September 2011

eGovernment in Bahrain

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With a clear strategy and focus on citizens, Bahrain has made a successful foray in adoption of ICT in governance

By Feras Ahmed,
Director, Services and Channels Enhancement, eGovernment Authority, Kingdom of Bahrain

As per the Kingdom of Bahrain’s eGovernment Vision, our objective is “To be the eGovernment leader committed to provide all Government services that are integrated, best?in?class and available to all through their channels of choice helping Bahrain transform as the finest country in GCC to visit, live, work and do business”

Under the leadership of His Majesty King Hamad bin Isa Al Khalifa, a number of economic and political reforms have been undertaken across the country and egovernance is one of them. For any initiative to be successful, you need political will, political support and political drive. The egovernance initiative has been driven by a Supreme Committee for ICT (SCITCT) which governs the entire programme and enacts its policies. It is headed by the Deputy Prime Minister and a number of other ministers are members of the Committee.


The eGovernment Strategy 2007-2010

The eGovernment strategy was implemented in 2007 for a three year period. The strategy focussed on an effective, efficient govt that fulfils citizen’s lives. We focussed on all sectors of the population, be it individuals, business, government and even visitors to the country. It is aligned with the economic vision of the country and the motto was “Towards a better life”.

e-Goverment is more than mere automation of govt. All our efforts have kept citizens at the focus of the programme. The initiatives have have been designed to offer services through a variety of channels (web, mobile, voice, one-stop-shop), with an overarching concern for security management and information security.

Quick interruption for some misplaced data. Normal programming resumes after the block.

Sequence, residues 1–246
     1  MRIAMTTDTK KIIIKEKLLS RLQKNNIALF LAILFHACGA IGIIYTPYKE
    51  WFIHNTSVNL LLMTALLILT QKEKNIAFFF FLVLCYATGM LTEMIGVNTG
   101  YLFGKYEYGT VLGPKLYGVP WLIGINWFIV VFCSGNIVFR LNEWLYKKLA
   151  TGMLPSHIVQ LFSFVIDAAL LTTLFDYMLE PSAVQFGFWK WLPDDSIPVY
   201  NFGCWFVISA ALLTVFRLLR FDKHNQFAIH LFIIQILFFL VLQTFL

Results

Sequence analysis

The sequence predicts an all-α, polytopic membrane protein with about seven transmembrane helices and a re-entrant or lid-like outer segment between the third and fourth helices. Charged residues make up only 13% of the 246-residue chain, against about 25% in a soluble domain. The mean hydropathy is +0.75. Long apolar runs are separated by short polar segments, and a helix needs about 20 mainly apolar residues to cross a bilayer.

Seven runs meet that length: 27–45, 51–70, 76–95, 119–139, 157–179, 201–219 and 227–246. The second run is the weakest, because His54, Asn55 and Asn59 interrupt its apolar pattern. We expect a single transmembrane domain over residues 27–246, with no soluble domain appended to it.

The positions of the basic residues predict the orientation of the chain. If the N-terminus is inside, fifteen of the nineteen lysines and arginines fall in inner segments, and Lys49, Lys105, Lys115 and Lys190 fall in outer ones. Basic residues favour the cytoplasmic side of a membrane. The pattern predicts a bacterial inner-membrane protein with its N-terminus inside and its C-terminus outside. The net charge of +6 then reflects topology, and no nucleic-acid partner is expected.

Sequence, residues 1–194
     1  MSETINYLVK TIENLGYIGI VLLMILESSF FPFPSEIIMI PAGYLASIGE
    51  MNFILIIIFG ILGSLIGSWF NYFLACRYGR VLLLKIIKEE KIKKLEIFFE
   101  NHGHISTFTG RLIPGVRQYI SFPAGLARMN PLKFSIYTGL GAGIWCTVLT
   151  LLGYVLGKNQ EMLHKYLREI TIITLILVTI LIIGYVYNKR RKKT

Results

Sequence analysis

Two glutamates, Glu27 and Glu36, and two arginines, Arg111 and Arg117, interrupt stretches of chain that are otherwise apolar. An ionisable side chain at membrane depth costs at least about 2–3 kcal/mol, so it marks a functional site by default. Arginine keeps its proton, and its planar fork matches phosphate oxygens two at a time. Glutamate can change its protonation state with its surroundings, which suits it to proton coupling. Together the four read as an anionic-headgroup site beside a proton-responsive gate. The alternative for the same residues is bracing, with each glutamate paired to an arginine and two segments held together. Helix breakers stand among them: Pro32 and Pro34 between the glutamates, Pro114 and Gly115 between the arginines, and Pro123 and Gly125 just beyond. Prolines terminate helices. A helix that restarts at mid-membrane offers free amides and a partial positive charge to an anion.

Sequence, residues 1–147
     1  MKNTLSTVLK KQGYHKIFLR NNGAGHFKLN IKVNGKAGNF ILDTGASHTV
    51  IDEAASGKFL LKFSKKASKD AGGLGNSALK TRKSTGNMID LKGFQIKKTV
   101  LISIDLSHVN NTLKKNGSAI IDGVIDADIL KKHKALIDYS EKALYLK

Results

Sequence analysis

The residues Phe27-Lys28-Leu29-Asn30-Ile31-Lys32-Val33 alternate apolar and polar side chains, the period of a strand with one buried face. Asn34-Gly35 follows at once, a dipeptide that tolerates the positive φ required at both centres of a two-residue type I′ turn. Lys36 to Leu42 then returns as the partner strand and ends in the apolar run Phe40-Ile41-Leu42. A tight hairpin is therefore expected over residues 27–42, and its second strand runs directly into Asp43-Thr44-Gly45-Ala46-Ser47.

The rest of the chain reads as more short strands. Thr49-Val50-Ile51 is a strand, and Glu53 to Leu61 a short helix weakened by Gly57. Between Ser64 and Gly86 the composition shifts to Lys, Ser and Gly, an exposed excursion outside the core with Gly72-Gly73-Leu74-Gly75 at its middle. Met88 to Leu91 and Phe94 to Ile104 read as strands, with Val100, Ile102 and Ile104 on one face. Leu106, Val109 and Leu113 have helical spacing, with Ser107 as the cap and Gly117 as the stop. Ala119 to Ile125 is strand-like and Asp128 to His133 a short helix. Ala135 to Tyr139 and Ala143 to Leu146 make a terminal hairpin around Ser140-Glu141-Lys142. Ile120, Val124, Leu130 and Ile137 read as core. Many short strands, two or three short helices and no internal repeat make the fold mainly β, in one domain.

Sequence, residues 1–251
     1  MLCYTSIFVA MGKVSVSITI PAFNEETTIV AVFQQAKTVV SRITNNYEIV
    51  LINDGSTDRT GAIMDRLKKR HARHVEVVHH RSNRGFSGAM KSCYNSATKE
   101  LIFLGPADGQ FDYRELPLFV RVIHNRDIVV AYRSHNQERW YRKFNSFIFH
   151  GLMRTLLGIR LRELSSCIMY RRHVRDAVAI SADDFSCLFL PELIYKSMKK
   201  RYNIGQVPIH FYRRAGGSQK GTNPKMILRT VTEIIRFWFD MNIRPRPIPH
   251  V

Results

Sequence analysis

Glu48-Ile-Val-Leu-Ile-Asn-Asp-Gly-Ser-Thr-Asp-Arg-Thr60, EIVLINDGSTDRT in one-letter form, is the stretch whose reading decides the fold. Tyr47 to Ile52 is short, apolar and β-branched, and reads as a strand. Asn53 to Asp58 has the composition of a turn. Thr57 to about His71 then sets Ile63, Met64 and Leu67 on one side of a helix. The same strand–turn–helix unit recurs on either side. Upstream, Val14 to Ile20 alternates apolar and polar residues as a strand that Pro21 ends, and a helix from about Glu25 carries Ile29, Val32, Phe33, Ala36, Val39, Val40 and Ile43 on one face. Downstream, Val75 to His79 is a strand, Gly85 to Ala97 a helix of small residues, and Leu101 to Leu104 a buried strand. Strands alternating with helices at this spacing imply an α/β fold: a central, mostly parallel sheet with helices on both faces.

We now offer 200 unique egovt services from over 40 govt entities. Of these, 55 unique services are also offered on the mobile platform, including payments – a service for which we have built custom security as the SMS farmaework is not secure. The e-governance infrastructure has made it possible for any person to avail of a service within a 2km span anywhere in Bahrain.

The National  Enterprise Architecture Framework (NEAF) has been critical to the success of our egovernance initiatives. We believe there is positive correlation between  egovernance capability and architectural maturity. The more advanced your  architecture, the more likely you are to have better egovernance capabilities.  The NEAF puts in place a nationwide, cross-govt strategy for bringing all govt  services on a common platform, and also addresses issues of information management and security in an integrated fashion. It was developed after comprehensive study of processes in different ministries and has helped the  govt in business process re-engineering so that all ministries are now  well-placed to offer e-services.

Training and capacity building have been very important parts of the overall strategy. Without building a culture of  information architecture, safety, and information management across govt entities, it is not possible to provide satisfactory  and secure services to  citizens. We have undertaken extensive training and capacity building programmes for govt officials that have enabled our trainees to act as catalysts  of change in their respective organisations.

Having successfully implemented  the strategy 2007-10, we now have a new strategy for 2011-16 that has been  formulated after intensive cross-sectoral consultation

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